The Earth has an incredible amount of coastline – and some of it is truly spectacular, as these images show.
They are from a new book called Coast, which celebrates the places where the land meets the sea, from Northumberland in the north of England to New Zealand via Florida.
They capture the world’s breathtaking shores, spanning beaches, islands, oceans, mountains, peninsulas, cliffs and more, underscoring that coastlines around the world are as varied as the climates and conditions they have evolved from.
Author David Ross says: ‘Coastlines give hints of the Earth’s history long before life emerged. We know now that is not a coincidence: they once formed part of a giant continent which existed before the Atlantic Ocean was formed.
‘Perhaps the eternal attraction of coastal scenery lies partly in that sense of uncertainty: even the most placid sandy beach is a frontier between the security of dry land and the great unknown.’
Here MailOnline Travel presents a selection of images from the book.
‘Only visible from above, this phenomenon looks like water pouring downwards below the sea’s surface,’ says Mr Ross of Le Morne peninsula in Mauritius (above). ‘In fact it is sand washed by currents off the island’s coastal shelf and falling into the depths of the Indian Ocean’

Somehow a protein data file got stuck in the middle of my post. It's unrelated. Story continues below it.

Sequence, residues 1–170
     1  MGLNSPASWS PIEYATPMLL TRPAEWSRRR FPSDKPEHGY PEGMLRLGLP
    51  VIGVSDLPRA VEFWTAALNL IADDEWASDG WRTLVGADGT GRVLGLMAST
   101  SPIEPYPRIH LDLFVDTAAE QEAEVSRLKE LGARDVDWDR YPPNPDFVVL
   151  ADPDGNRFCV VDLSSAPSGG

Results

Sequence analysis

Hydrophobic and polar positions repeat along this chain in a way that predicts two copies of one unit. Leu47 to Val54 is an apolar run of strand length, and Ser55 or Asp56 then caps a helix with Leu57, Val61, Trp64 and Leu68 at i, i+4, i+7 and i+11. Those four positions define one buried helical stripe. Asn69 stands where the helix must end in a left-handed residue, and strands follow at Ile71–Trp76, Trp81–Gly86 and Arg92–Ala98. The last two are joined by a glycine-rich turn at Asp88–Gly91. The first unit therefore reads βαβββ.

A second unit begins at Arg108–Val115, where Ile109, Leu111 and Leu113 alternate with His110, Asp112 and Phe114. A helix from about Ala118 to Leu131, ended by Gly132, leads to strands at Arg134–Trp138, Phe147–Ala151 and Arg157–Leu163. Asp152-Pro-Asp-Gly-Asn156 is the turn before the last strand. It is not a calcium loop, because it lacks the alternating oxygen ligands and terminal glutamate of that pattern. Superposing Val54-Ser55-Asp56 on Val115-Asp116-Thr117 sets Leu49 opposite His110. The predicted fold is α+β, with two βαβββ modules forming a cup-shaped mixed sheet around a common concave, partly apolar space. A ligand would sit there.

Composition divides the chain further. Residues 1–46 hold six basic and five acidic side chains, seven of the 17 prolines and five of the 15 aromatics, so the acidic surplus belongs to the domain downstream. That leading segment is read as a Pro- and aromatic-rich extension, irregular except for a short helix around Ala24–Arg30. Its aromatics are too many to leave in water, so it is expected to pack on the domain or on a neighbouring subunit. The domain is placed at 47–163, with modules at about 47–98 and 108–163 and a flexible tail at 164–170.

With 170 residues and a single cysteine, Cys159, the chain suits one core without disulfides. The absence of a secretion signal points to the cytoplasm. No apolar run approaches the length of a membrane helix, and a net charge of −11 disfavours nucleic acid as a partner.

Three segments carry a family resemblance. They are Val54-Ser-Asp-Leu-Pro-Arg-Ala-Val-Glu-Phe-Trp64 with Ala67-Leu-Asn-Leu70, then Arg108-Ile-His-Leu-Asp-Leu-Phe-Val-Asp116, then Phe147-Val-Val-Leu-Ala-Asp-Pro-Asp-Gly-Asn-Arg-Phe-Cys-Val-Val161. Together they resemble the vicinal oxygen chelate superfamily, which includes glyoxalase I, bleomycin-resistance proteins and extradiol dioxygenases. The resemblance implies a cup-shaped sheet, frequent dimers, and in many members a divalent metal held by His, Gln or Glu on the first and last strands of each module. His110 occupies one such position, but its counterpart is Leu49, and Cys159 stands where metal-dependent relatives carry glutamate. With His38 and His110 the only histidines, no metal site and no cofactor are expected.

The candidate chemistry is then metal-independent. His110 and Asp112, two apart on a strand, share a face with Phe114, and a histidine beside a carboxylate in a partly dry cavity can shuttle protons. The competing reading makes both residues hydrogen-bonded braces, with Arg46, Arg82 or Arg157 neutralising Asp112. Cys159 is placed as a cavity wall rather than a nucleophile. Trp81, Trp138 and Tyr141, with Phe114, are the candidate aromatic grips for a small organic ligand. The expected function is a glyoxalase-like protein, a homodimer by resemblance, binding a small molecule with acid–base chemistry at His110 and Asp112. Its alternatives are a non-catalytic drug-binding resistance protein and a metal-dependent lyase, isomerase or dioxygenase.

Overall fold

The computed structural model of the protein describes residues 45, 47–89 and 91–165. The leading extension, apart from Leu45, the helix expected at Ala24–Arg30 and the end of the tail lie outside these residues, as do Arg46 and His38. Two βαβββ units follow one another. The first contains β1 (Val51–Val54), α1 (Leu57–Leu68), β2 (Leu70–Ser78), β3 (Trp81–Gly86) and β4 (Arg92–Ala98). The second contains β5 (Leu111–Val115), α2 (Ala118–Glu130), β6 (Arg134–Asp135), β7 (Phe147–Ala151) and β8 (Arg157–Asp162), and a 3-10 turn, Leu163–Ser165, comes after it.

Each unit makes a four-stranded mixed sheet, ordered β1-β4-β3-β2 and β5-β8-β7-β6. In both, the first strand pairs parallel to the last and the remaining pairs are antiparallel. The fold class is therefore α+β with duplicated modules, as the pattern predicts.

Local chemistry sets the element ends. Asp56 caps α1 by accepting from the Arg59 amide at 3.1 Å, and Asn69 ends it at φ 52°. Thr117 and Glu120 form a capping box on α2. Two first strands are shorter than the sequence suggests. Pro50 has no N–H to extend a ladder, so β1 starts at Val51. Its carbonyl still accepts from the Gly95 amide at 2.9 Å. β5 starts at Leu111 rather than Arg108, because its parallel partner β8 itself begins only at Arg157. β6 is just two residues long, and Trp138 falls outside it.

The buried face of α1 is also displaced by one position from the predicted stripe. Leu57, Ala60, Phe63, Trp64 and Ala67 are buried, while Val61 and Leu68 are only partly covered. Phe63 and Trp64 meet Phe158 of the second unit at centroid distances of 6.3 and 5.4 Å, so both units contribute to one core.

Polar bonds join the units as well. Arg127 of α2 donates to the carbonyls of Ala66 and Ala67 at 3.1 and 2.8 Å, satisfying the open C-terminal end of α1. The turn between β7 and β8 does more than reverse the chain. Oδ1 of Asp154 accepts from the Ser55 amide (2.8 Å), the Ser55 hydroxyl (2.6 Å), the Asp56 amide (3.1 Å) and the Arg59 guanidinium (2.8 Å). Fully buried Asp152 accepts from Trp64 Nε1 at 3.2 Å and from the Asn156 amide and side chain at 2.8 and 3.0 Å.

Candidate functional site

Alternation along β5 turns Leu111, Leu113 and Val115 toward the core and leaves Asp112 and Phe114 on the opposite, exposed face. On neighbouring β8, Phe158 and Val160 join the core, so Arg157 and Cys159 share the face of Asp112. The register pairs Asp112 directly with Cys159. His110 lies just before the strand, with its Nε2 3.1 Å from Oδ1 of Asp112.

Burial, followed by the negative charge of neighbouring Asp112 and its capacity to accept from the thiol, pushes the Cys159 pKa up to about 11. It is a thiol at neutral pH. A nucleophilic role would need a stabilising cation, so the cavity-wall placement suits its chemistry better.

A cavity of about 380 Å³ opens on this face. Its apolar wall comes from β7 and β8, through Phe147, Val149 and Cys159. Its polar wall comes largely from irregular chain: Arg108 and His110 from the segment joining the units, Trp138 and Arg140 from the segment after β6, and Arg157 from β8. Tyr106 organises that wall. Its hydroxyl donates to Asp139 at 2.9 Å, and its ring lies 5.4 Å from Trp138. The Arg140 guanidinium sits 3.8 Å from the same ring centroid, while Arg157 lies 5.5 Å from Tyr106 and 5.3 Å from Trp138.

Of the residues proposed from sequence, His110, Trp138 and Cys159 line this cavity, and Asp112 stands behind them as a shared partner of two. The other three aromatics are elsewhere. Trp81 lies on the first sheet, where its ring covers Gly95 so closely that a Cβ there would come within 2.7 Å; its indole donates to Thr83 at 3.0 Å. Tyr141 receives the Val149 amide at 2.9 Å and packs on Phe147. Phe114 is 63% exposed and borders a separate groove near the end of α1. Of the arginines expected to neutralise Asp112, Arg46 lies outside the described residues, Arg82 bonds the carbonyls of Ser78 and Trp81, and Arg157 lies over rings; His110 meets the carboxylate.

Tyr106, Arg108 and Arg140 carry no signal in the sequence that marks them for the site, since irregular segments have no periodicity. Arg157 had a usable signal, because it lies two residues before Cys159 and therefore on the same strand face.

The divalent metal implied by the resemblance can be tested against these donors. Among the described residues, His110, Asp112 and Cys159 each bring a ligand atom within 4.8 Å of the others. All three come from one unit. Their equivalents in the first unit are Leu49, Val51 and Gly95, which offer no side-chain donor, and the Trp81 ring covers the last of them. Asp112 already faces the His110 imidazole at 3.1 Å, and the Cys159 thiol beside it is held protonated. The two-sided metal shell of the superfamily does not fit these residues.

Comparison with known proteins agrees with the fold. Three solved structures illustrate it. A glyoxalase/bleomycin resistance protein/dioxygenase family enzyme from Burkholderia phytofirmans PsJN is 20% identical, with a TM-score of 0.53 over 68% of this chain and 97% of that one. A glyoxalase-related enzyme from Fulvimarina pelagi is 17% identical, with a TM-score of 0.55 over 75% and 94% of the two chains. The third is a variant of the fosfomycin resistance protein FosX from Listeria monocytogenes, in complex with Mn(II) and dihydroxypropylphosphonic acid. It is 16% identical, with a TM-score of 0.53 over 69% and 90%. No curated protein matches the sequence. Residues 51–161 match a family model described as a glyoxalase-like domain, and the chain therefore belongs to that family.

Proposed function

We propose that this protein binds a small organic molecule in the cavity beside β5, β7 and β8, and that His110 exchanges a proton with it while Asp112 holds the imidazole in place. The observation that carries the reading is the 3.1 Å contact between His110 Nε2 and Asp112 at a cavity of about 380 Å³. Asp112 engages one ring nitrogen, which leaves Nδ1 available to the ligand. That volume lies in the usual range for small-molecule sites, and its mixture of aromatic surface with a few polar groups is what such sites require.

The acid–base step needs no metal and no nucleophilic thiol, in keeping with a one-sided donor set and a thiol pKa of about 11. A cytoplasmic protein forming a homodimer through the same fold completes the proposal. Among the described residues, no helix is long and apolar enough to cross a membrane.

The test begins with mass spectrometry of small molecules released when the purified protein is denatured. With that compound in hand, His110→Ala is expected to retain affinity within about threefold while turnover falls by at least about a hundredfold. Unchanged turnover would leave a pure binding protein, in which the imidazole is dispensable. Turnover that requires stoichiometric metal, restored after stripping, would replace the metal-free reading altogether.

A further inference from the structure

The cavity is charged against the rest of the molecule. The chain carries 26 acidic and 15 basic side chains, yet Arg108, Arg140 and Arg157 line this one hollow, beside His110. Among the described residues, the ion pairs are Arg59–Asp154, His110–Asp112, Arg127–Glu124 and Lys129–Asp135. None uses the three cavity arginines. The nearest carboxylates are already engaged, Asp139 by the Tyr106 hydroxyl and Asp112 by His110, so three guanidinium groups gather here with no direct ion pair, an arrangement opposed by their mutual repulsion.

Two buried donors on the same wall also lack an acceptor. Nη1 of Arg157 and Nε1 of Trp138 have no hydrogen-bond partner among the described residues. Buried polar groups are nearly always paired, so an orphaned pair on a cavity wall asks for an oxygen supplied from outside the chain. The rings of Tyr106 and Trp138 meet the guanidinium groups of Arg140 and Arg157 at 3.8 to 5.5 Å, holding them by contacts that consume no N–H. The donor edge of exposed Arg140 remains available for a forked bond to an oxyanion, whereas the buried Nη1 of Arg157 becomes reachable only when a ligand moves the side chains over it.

‘Bamburgh sums up much of earlier English history,’ says Mr Ross of Bamburgh Castle (above) in Northumberland, England. ‘It was the capital of Bernicia, an early kingdom of Anglo-Saxon migrants to Britain. A castle was built here by the Normans in 1086 as a defence against the Scots’
‘Rising 1,692m (5,560ft) above the sea, this mountain, Rahotu in Maori, offers more than a mile of precipitous bare rock,’ writes Mr Ross of the Mitre Peak (above) in Milford Sound, New Zealand. ‘First climbed in 1911, it now has six identified routes to the summit’